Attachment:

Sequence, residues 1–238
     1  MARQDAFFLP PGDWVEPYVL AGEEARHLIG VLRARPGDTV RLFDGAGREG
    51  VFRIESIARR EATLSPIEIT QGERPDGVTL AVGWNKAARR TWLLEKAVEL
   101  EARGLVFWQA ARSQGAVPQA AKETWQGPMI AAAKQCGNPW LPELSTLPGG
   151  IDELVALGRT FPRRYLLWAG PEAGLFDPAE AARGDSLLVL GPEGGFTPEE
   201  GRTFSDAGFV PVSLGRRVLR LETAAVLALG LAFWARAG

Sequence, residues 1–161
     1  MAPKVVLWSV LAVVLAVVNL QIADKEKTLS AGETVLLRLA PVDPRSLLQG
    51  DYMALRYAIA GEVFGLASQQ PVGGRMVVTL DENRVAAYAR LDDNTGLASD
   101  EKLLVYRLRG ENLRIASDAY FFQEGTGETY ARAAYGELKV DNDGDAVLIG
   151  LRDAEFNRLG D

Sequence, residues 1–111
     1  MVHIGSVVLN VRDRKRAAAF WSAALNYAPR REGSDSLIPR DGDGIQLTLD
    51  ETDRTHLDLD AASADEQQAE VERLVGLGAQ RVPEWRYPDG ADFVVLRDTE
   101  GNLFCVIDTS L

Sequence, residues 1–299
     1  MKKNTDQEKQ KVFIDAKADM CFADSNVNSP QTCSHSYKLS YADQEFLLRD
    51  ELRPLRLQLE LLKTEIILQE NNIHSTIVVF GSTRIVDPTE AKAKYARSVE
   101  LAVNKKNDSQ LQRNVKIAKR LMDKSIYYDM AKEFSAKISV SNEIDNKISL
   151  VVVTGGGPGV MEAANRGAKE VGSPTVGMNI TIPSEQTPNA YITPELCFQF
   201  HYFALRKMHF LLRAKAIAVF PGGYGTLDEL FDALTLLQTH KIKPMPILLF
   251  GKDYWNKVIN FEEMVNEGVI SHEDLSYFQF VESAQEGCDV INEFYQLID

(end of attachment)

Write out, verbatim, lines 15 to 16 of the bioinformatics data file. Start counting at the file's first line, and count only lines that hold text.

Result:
   101  GNLFCVIDTS L

Sequence, residues 1–299